February 27, 2007
My View: The CIO And The CEO
by George F. Colony


Quickly: The CIO must become a teacher.


Throughout my career, I have watched the “odd couple” of the chief information officer (CIO) and the chief executive officer (CEO) try to live together. Back in the 1980s and for most of the 1990s, their paths rarely crossed — the CEO didn’t think much about technology and the CIO rarely interacted with executives beyond his boss — the chief financial officer (CFO). With the exception of some techie leaders like Ned Johnson at Fidelity, Fred Smith at FedEx, or David Glass at Wal-Mart, CEOs perceived IT/BT (I now refer to information technology as business technology or BT) as an important underpinning of company operations, but not as a critical strategic tool. Added to this general ambivalence were the high-profile cases of CEOs having their reputations and budgets scorched by IT/BT projects gone awry: Perpetual IRS systems overhauls, Citibank’s futile effort to create a “single customer view” in the mid-1980s, and early-1990s’ SAP R3 “kitchen sink” leaps of faith come to mind.

Then the dot-com collective insanity hit and CEO panic set in (Amazoning, etc., etc.). In those days, I ran a tech session at the Harvard Business School for CEOs. To prepare for the session, I surveyed 25 large-company CEOs. When I asked them how much time they spent on technology issues, the response was “25%.” They were lying: No CEOs — not even the techies — could afford to devote a quarter of their time to systems. But they were certainly spending more time on tech then they had five years earlier — even Jack “I’ve never used email” Welch, on his way out the door at GE, got religion and started to preach about the digitization of business. Michael Porter, every CEO’s favorite academic, got into the act with a naïve Harvard Business Review piece on the Internet in early 2001, just as the curtain came crashing down on The Web, Act One.

Fast forward to 2007. How’s the odd couple today? Forrester just surveyed 75 global CEOs and here’s the punch line:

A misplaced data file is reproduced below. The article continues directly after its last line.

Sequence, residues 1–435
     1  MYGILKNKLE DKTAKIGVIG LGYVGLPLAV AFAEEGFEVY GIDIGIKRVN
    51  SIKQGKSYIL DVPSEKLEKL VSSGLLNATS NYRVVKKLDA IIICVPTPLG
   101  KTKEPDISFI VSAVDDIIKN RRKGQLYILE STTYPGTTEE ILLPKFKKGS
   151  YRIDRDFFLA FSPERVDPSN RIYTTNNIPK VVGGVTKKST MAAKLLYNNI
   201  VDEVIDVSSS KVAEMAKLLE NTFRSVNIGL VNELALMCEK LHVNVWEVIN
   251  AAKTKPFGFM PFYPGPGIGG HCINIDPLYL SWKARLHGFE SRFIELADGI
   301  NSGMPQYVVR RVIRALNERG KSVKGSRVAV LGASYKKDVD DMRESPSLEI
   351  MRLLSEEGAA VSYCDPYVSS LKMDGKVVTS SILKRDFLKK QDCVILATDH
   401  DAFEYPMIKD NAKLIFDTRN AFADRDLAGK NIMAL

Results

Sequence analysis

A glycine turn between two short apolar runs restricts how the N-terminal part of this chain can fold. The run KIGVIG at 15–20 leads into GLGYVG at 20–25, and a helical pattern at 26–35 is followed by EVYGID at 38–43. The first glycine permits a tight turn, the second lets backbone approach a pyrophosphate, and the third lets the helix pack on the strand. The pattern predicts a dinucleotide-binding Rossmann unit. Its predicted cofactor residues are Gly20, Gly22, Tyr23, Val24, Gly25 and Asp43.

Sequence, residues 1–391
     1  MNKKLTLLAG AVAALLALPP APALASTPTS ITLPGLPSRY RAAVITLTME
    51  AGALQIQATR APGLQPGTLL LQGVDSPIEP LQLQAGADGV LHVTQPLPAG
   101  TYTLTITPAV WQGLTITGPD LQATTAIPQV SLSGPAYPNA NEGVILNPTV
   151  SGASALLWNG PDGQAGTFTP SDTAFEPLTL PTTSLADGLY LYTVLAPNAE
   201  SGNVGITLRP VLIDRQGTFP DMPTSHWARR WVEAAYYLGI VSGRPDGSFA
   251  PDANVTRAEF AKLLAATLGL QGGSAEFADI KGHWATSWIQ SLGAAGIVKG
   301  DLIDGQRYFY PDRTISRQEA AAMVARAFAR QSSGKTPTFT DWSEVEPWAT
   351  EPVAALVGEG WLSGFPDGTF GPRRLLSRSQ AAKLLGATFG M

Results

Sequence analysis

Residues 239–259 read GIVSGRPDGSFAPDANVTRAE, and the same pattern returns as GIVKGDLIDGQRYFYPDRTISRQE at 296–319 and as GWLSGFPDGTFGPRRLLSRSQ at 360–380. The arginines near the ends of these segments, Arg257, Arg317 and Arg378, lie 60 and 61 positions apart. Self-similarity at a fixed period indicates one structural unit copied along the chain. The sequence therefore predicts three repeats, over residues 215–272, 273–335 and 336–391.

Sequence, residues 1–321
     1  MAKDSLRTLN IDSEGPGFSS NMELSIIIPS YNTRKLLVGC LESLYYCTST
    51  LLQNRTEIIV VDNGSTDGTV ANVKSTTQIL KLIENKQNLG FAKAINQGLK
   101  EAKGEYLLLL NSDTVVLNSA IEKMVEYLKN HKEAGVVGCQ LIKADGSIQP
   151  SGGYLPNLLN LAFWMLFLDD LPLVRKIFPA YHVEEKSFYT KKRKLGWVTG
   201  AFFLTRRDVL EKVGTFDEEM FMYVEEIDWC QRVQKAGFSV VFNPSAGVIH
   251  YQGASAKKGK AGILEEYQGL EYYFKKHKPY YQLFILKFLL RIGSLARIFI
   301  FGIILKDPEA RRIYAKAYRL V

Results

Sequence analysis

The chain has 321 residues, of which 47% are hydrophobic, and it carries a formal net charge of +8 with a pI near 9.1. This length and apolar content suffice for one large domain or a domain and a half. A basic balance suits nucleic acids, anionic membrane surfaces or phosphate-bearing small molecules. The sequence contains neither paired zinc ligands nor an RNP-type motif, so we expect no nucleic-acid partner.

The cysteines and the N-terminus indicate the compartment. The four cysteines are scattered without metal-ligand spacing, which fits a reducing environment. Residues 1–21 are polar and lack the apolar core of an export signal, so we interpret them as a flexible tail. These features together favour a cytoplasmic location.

1. 60% of CEOs are satisfied with the overall performance of IT/BT.

2. But only 28% see IT/BT as a proactive leader in innovation.

3. And only 30% see IT/BT as a proactive leader in process improvement.

Now, you can analyze this data simply and conclude that CIOs are in pretty good standing with CEOs, but they have not stepped up to the plate as innovation and process mavens. I interpret the results quite differently.

The fact that 60% of CEOs believe that CIOs are doing a satisfactory job is bad news, not good. Think comparatively: If only 60% of your top executives were satisfied with the performance of the CFO, that would signal meaningful distrust in the financial operations of your company. CEO satisfaction in IT/BT has certainly risen through this decade, but 60% is still too low.

And the fact that CEOs are not looking to the CIO to be a proactive leader in innovation and process is not bad news. Rather, it is a frank assessment by the CEO that the CIO should not be, indeed cannot be, the driving force in these two areas.

Why? In most firms, the CIO is too busy keeping the ship’s engines running smoothly to come up onto the command deck and make suggestions to the captain on course changes. Leading business innovation and process change is not in the skill set of most CIOs — nor should it be.

Does the CIO have a role in process change? Absolutely. IT/BT typically supports and manages the process backbone — think ERP — of most firms. When technology is injected into a company, the effort will fail unless it incorporates process change (the way you do work) and organizational change (the way you are organized to do work). I call this the critical triad — technology/process/organization — and the three must always be viewed collectively and as acting in concert. While the CIO brings technology to the table, business executives (especially the CEO) must spend political capital to change process and organization. This is a collaborative effort, with the CIO working with the business people to get the right mix.

How about innovation? Obviously the CIO is always working on systems innovation — that’s part of keeping the engines running smoothly. But when it comes to business innovation, he is again not the proactive driver, but rather the steady partner with business executives who are chartered to lead business innovation.

Here’s the key: For business executives to effectively drive process change and innovation, they must have a solid understanding of technology. They must be, to coin a term, technology knowledgeable business people (TKBPs) able to adeptly bring the potential of technology to bear on business change. The goal is to field VPs of marketing, EVPs of strategy, and presidents of divisions who know how to apply technology to get the company to achieve its goals. The CIO must be in the business of educating and teaching the businesspeople so that they can make the leap. IQ (intelligence quotient) and EQ (emotional quotient), must be joined by TQ (technology quotient). And teaching TQ is the province of the CIO.

If that happens, CEO satisfaction with CIOs will head into the 70% and 80% range — where it belongs. And boards of directors will come to praise the CIO if he can work to develop a TKCEO — a technology knowledgeable CEO. And that’s when the odd couple will see eye-to-eye — to the benefit of the organization and shareholders.